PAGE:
Fergus Crichton and Michael Hunt couldn't have had more different upbringings. Fergus was born in Edinburgh and brought up by his grandparents after his mother died. They lived in the fishing village of Newhaven, a close knit community organised around fishing – fishermen, fishwives. He went to Victoria Primary, the oldest school in Edinburgh, dating back to the 1840s after Queen Victoria's visit to Leith. It's still there today virtually unchanged. He was singled out as bright enough to sit the entrance exam for the prestigious Royal High School, one of Edinburgh's state schools that still charged small annual fees. He won a scholarship. Financial pressures led to him passing over the chance of a university place and instead he started a job at 17 with the Scottish Information Office in St Andrew's House. He was one of the first batch of entrants to the newly created Open University where he graduated in politics and international affairs.
Michael Hunt was son of Angus Hunt, a life peer and one-time Conservative cabinet minister. He spent part of his childhood in India where his father was working at the time. On the family's return to the UK, he was educated at Eton before going on to Corpus Christi College Cambridge and the College of Law. He was called to the bar at the Inner Temple and practised criminal law until he was elected to Parliament in 1983.
Fergus Crichton had been struggling coming to terms with his sexuality in the still disapproving atmosphere of Presbyterian Edinburgh when he saw an internal advert for vacancies at the Foreign and Commonwealth Office. A fresh start was just what he needed. As he put it: 'It might seem cowardly but I didn’t see it that way. I just wanted to move on with my life'. That was 1977. He was to spend the next 35 years of his life quietly working his way up through the civil service ranks to the senior position he held at the time of the whistleblowing incident.
Michael Hunt became the Parliamentary Private Secretary to the Employment Minister in 1984, a whip in 1985 and Minister for Consumer Affairs in 1987. He lost his seat in 1992 and embarked on a series of business roles. He returned to Parliament in 1997, but in opposition, eventually becoming Shadow Foreign Secretary. He was promoted to Cabinet in the coalition Government of 2010, first as Cabinet Office Minister and then Foreign Secretary.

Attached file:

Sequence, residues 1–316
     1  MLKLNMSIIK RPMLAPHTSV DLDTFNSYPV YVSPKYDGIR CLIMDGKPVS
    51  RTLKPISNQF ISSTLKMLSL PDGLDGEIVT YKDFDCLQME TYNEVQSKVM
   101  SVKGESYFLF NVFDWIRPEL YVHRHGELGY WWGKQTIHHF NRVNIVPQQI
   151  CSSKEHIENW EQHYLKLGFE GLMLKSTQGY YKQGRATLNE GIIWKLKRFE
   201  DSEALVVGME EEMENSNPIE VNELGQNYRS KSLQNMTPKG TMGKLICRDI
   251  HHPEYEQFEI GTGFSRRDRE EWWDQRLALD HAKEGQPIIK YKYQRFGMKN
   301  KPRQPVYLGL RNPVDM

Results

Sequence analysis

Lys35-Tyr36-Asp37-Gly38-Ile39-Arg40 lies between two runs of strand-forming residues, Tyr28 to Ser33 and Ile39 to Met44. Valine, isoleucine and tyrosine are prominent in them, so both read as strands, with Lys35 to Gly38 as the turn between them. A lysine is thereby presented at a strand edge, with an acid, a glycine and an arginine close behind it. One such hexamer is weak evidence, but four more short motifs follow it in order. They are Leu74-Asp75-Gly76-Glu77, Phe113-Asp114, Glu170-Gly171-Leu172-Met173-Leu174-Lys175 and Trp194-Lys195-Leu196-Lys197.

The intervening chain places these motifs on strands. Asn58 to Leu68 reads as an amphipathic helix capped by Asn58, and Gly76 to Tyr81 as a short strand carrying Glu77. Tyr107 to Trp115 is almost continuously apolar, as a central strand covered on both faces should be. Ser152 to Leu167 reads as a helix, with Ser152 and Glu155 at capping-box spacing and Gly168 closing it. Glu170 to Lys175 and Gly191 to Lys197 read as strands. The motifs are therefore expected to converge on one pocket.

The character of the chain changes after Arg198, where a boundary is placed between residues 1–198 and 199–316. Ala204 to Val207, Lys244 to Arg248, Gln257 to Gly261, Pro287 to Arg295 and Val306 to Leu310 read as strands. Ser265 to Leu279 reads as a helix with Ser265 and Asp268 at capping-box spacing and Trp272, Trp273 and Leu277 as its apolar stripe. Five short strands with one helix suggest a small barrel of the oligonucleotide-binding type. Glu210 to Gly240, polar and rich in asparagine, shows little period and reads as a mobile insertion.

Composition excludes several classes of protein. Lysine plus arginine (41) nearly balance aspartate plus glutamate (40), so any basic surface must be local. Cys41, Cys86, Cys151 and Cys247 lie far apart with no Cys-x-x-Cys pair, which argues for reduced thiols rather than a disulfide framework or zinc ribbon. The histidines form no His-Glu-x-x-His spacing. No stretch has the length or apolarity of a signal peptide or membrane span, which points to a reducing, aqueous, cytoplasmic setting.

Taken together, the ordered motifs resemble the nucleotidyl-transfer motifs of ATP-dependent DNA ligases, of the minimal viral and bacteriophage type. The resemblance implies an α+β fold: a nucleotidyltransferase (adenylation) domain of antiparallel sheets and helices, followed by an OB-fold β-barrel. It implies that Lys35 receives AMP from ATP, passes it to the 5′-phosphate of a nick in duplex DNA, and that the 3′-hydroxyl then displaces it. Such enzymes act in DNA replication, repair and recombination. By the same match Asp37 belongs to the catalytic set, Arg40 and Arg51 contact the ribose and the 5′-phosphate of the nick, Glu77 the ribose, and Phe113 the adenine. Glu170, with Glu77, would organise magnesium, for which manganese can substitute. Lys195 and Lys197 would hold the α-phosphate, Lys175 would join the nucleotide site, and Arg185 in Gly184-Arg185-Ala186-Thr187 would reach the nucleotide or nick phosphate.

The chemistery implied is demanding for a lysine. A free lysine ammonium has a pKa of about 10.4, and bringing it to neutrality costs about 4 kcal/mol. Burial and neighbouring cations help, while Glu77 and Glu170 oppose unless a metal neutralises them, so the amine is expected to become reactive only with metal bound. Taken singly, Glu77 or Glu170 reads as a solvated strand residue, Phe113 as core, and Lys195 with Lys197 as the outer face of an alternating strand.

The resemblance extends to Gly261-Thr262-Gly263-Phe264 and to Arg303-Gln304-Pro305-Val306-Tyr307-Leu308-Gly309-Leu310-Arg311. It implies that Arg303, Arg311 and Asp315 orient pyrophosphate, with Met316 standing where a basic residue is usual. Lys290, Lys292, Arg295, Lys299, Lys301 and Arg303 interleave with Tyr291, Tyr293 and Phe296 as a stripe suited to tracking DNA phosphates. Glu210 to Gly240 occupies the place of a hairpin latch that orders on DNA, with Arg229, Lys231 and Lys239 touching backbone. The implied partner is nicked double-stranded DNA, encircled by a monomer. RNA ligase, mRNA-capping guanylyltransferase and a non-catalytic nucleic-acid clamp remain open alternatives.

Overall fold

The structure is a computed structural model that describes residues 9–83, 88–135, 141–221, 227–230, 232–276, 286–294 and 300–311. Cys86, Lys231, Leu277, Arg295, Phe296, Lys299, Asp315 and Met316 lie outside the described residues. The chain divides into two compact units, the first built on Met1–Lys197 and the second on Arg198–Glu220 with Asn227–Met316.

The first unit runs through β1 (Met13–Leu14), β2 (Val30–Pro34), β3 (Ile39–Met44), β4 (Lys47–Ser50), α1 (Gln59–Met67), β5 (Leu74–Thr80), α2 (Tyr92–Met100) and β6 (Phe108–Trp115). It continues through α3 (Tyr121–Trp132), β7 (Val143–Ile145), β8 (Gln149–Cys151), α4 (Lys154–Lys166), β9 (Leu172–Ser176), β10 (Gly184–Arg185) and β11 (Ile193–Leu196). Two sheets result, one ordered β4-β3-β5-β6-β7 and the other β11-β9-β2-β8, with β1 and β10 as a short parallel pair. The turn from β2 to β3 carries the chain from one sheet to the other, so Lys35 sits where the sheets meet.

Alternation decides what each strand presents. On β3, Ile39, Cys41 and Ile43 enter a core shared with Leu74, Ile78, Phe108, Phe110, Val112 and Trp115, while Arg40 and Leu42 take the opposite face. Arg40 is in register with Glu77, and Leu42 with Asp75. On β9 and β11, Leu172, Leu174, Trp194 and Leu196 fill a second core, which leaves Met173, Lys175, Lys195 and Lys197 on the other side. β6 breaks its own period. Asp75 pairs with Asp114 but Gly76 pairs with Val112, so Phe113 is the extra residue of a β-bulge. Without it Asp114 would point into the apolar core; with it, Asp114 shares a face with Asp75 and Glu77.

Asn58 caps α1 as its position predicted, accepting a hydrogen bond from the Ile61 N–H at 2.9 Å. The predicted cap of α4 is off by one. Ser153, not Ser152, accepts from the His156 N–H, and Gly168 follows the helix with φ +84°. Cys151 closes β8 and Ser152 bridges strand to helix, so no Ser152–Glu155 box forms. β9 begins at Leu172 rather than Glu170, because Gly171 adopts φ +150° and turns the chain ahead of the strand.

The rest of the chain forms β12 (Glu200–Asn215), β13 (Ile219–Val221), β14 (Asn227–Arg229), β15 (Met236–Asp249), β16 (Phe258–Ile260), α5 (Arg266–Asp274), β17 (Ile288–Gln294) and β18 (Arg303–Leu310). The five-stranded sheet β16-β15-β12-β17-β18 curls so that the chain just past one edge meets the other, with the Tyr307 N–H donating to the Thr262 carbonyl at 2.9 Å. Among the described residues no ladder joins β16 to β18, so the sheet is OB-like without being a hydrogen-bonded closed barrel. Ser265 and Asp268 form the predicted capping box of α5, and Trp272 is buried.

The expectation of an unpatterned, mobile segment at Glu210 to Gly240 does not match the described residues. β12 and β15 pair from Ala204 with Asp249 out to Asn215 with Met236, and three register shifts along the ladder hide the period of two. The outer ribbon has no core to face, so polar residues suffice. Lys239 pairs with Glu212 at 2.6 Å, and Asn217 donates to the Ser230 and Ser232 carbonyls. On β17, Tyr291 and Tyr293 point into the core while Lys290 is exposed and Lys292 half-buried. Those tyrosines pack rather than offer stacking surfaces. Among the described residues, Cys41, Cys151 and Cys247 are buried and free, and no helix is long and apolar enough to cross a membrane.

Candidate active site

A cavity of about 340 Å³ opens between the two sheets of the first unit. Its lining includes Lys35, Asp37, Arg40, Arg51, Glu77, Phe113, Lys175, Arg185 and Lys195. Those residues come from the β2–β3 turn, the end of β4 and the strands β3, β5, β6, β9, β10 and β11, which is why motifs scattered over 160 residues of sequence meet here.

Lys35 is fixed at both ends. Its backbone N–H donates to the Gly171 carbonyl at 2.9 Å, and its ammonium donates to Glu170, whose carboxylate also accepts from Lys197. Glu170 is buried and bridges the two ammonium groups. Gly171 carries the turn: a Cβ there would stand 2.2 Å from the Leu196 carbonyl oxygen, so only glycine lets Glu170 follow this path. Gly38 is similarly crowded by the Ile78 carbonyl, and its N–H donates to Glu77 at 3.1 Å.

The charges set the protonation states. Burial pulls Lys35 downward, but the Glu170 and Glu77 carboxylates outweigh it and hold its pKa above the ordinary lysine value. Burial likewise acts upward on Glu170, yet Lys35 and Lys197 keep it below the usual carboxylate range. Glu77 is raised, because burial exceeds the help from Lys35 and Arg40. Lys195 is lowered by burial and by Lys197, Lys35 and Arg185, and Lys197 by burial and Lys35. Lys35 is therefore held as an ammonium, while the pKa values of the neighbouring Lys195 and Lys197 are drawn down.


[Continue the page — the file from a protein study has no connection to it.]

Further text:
Fergus had told me how his grandparents had brought him up to have a strong sense of right and wrong and the courage to stand up for what he thought was right. His grandfather had been sacked from the local paper mill for exposing cash in hand bonuses paid to foremen to keep the men in line. He had seen his whistleblowing as an act of standing in his grandfather's shoes, driven to it by the way officialdom seemed to cover up all the consequences of Michael Hunt's chaotic private life. Now he was leading a lonely life in London, cut off from everything that had mattered to him when he was at the Foreign Office. Michael Hunt had been able to return to his previous post at the Cabinet Office before standing down from Parliament in 2015 and being elevated to the peerage, as had his father before him. The final irony was that the Prime Minister asked him to chair a government taskforce on the role of an impartial Civil Service in modern government which included in its findings a protocol on 'legitimate whistleblowing'.
There was a time when political scandal led to resignations and that was an end to it. Now, disgraced politicians hang around the backbenches feeling hard done by, waiting for the right moment to be rehabilitated. Tony Blair must take his share of the blame for this. Under his government, being forced to resign from office stopped being something that ended a career and became a sort of political sin bin. Swift resignations prevented that day's scandal dominating the news, but once a suitable time had elapsed, they were allowed to come back. The repeated resurrection of Peter Mandelson helped pave the way for David Laws to return and then Liam Fox. There were those who thought Michael Hunt deserved such a second chance, but Fergus Crichton wasn't one of them.
Charlotte Compton: Assistant Editor/Features